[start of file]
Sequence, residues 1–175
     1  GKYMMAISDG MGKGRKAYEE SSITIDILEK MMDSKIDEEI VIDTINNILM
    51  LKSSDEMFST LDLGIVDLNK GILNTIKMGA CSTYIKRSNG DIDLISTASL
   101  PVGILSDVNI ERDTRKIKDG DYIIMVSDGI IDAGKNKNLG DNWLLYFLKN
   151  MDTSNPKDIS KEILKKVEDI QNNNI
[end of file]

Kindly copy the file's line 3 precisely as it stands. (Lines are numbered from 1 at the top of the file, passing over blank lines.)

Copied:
    51  LKSSDEMFST LDLGIVDLNK GILNTIKMGA CSTYIKRSNG DIDLISTASL